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TGFβ1 activates FAO to induce metabolic reprogramming in CRC cells

To investigate the metabolic changes that occur during TGFβ1-induced EMT, first, we tested the glycolytic levels in HCT116 cells in the absence or presence of TGFβ1. We found that both glucose consumption and lactate production were declined upon TGFβ1 exposure (Figure 2A-2B), which suggests that TGFβ1 treatment inhibits glycolysis in CRC cells. Second, we performed additional assays to further characterize the rewiring metabolic pattern induced by TGFβ1. We adopted a Seahorse mito fuel assay, which determines the dependency of cells on the three different mitochondrial fuels to meet basal energy demands, and illustrated that in the absence of TGFβ1, fuel oxidation relatively evenly depended on glucose, glutamine and fatty acid, whereas TGFβ1 treatment significantly increased overall dependency on oxidation of fatty acids rather than glucose or glutamine in HCT116 cells (Figure 2C). Moreover, Next, we used a fluorescent Bodipy fatty acid probe (C16-BODIPY), a very long-chain fatty acid analog, to measure cellular fatty acid uptake. The data showed that uptake of BODIPY C16 was substantially augmented in HCT116 cells with TGFβ1 treatment (Figure 2D), which is in accordance with TGFβ1-induced increased dependency on the FAO pathway.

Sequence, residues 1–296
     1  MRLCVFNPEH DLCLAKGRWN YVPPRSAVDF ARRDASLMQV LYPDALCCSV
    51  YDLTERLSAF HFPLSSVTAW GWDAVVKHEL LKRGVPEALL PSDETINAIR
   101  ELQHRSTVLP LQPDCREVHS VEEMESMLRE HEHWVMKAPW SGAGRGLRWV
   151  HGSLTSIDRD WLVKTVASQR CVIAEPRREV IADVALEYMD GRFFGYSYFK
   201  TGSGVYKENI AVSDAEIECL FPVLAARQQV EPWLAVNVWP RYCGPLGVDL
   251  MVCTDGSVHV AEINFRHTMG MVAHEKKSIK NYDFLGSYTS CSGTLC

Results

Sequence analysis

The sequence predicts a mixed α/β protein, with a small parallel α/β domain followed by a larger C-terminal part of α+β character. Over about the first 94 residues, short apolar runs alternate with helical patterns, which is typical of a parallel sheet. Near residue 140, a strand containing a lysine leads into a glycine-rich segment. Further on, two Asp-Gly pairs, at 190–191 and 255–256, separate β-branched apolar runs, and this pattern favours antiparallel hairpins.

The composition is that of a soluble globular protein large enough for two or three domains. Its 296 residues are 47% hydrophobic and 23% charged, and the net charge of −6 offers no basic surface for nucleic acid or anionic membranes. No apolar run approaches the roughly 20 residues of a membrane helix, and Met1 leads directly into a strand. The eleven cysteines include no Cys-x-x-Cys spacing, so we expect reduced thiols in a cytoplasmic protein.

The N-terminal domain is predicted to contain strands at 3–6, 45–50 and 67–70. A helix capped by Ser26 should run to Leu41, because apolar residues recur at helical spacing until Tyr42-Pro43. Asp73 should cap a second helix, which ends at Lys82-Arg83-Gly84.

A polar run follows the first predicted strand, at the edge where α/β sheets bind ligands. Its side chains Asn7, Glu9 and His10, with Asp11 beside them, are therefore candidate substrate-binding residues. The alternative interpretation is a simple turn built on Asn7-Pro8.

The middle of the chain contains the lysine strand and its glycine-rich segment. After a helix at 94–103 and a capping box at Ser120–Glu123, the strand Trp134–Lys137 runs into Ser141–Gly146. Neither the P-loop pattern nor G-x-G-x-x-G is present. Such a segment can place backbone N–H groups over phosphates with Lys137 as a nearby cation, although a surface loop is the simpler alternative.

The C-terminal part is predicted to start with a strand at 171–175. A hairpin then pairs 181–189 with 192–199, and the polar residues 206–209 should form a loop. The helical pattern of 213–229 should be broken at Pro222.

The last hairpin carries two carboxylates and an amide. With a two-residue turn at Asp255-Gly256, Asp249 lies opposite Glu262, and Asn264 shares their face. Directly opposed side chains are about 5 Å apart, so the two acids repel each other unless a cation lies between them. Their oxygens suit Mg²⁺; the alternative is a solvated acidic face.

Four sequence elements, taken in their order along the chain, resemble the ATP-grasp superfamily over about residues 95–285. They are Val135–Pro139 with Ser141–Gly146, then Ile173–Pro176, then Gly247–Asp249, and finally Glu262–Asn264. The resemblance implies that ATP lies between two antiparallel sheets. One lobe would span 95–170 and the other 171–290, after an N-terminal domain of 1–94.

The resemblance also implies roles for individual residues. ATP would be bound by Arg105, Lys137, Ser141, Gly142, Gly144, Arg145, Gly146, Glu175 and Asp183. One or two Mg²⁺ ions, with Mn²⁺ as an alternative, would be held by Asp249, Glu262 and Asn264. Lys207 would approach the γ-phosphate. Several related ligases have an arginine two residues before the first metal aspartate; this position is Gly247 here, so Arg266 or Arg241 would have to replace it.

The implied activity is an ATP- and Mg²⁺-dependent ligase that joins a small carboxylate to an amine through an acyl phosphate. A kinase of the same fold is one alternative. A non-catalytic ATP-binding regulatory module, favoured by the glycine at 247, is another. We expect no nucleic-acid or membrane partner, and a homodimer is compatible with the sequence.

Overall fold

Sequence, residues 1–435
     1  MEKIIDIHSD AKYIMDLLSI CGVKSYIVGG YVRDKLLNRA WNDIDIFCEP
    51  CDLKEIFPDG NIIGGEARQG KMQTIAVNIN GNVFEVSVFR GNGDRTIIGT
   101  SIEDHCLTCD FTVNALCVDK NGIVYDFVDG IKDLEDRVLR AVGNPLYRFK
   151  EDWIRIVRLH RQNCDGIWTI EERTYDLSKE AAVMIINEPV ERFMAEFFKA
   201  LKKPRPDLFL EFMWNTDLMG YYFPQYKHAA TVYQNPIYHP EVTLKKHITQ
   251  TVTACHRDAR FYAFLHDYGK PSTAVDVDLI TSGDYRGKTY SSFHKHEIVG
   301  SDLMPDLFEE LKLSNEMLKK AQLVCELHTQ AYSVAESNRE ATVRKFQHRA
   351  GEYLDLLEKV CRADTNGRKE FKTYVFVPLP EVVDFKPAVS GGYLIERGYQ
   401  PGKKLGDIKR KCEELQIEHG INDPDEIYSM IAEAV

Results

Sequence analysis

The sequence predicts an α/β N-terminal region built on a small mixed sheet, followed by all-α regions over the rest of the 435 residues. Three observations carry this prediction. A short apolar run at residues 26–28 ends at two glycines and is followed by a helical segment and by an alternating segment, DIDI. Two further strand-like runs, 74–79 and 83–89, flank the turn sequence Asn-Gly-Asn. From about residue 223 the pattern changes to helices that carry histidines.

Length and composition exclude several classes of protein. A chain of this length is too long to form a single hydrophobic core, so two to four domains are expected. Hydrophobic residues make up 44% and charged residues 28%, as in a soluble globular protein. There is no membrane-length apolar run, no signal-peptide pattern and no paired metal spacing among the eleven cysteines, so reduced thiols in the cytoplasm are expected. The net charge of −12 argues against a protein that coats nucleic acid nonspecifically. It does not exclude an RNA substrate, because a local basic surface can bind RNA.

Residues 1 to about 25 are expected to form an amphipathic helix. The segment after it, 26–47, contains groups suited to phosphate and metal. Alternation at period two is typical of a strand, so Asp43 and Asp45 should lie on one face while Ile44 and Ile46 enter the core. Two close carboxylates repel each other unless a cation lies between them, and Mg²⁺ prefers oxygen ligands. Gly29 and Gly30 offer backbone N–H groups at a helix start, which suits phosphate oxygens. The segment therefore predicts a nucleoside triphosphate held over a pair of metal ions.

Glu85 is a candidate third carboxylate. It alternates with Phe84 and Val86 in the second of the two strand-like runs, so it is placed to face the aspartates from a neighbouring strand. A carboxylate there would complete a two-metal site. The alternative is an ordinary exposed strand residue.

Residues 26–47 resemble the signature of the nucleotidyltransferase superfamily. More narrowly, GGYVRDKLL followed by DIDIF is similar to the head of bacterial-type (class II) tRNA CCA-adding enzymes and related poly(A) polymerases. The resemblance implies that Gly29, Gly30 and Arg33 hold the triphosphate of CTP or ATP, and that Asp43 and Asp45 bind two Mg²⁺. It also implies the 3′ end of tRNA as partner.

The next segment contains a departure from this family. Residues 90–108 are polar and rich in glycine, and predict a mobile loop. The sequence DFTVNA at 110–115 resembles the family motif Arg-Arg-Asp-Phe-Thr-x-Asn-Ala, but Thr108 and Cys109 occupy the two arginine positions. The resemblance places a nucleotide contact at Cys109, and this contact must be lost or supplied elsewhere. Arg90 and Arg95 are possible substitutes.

Carnitines, as acyl-CoA carriers, are responsible for transferring FAs into the mitochondrial matrix. The production of acyl-carnitines facilitates the activation of FAO. Using UPLC-MS/MS analysis, we found that several acylcarnitines, including acetyl-carnitine, butyryl-carnitine, isovaleryl-carnitine, dodecanoyl-carnitine, tetradecenyl-carnitine, myristoyl-carnitine, hexadecenoyl-carnitine, palmitoyl-carnitine, oleoyl-carnitine, and stearoyl-carnitine were dramatically up-regulated induced by TGFβ1 (Figure 2E). To further confirm whether the FAO pathway is activated, we measured the palmitate (PA)-based oxygen consumption rate (OCR) in the absence or presence of TGFβ1. After TGFβ1 treatment, significant increases in OCR and intracellular ATP levels were observed (Figure 2F-2G). Together, these findings support that TGFβ1 treatment up-regulates FAs uptake and induces the activation of the FAO pathway, resulting in metabolic rewiring in CRC cells.

TGFβ1 up-regulates ACSL3 to promote the EMT and invasion of CRC cells